This causes me to worry because the Minister, having read through the many amendments brought forward in another place, referred to the benefits that the Bill will bring about. I know that there are alterations in the very nature of the scheme but, as with everything, if there are winners there are bound to be some losers. We understand that.
The noble Baroness, Lady Dean, said that in comparison to other forms of pension schemes the one in the Bill could be seen as far better than those in the private sector. I agree with her. One of the reasons we welcome the Bill is that it will give a degree of confidence to those in the Armed Forces. However, it also perhaps shows up the state of pensions outside such schemes. Indeed, the noble Baroness, Lady Strange, said that some widows might be better off under this scheme.
However, a great number of problems have been raised, many to do with the very nature of this unusual pension scheme. The early retirement date of soldiers is a factor in the job. One of the extreme problems that is taking effect within the services themselves is that whereas in the past if you served your term with the Army you were almost guaranteed a post outside of comparable pay and status, this now is often not the case. I have spoken to a number of army officers and non-commissioned officers who are considering leaving the Army early because their skills within the Army are non-transferable. Therefore, having considered their pension and job prospects, they have decided to leave the Army far earlier than they would want to in order to enter the job market. This is affecting some of the best talents within the Army.
Army pensions also have a different status because of the nature of the job, and that is being looked at. This is one of the few jobs in which the participants put themselves in the way of danger as part of their job.
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I shall not go into great depth into each of the issues raised because I am sure we will be debating them for many an hour in Committee, but I plan to touch on them. The noble Lord, Lord Morris of Manchester, raised the issue of burden of proof, which I find iniquitous. The noble Lord, Lord Morris, has been a great advocate and champion of the Royal British Legion, and we should all recognise the work that the legion has undertaken.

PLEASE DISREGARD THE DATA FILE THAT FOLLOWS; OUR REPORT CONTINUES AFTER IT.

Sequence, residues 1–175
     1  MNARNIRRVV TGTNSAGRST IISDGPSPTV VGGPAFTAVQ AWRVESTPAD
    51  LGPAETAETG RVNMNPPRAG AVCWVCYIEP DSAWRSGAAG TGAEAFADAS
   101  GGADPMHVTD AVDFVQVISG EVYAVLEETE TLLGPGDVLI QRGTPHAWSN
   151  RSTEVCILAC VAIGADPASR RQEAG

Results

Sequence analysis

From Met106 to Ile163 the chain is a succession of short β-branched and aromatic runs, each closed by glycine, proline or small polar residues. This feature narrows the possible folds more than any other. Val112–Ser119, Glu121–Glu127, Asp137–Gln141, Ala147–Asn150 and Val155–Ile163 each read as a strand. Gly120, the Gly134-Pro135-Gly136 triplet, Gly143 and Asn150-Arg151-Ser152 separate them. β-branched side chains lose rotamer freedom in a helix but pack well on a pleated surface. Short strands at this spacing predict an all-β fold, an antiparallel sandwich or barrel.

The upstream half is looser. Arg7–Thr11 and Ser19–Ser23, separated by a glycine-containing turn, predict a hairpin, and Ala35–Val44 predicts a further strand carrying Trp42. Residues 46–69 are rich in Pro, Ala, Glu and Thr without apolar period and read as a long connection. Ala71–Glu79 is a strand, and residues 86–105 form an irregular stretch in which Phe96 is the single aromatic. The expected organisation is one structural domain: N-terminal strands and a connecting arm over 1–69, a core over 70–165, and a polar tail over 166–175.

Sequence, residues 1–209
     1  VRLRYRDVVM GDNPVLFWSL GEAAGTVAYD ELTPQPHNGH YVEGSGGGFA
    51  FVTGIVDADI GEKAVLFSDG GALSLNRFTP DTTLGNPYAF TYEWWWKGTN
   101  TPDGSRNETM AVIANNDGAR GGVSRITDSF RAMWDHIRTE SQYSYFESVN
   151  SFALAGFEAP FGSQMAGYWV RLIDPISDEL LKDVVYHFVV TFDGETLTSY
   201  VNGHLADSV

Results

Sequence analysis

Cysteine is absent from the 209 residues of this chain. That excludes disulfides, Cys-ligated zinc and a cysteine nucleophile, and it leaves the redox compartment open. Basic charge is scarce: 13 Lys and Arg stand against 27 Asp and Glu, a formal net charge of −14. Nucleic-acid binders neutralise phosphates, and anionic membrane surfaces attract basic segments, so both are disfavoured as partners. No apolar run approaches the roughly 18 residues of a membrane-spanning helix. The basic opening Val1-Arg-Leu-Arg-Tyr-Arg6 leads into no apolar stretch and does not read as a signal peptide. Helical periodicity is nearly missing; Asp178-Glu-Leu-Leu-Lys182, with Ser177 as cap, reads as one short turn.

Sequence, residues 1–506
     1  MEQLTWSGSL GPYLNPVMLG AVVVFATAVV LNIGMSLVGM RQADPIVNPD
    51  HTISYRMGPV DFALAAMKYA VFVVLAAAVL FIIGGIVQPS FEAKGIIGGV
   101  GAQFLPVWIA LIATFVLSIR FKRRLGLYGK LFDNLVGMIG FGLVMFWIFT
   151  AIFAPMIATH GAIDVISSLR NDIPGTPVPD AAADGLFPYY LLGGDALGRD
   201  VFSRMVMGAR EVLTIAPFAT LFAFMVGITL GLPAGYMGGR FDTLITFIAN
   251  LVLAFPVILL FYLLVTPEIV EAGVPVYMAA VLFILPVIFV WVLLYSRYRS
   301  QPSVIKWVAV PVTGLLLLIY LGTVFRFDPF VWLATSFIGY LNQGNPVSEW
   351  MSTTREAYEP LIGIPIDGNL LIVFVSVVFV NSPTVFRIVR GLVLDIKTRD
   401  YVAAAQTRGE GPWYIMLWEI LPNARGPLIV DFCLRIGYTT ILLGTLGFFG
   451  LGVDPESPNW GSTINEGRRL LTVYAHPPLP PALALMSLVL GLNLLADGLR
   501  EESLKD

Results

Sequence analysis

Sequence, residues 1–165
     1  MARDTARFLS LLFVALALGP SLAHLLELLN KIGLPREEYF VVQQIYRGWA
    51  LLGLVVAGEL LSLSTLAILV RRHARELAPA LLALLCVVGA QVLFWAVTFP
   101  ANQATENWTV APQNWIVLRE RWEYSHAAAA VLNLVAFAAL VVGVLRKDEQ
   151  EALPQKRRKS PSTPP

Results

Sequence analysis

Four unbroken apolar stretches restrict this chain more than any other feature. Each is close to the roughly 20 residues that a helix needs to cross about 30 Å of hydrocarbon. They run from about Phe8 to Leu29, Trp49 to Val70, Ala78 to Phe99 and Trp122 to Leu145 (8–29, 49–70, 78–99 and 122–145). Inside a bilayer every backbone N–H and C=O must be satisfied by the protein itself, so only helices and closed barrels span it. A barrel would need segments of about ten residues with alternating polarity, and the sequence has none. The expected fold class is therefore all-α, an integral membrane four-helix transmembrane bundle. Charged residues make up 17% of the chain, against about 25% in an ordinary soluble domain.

One of the issues concerning burden of proof that the noble Lord did not raise is of great concern to me, with a sceptical eye from the outside. Burden of proof could be seen as a form of means-testing. There would be cost implications for widows, who have to deal with so many issues in a time of stress, if they had to establish the burden of proof. I worry about that, because it might deter many from embarking on claims.
The alternative is for the Royal British Legion to take up those cases; however, there will be great financial strain on the Royal British Legion if the number of cases increases and it has to take on the burden of proof. The situation has changed from that which applied earlier, because the MoD used to have to bear the costs of the burden of proof system.
Non-attributable pensions have been mentioned. Another issue which has exercised many is that of post-retirement marriages. That is an unfortunate situation, as many noble Lords indicated. It was particularly well put by the noble Baroness, Lady Strange. We tend to look at the technical details, but the MoD will save money only if the widows do not remarry. It is almost a form of social engineering. I know that it is a trend for many people in later life not to remarry but simply enter into relationships, but for those who find it importantand I think marriage is importantto be denied that possibility because of financial consequences seems particularly unfortunate.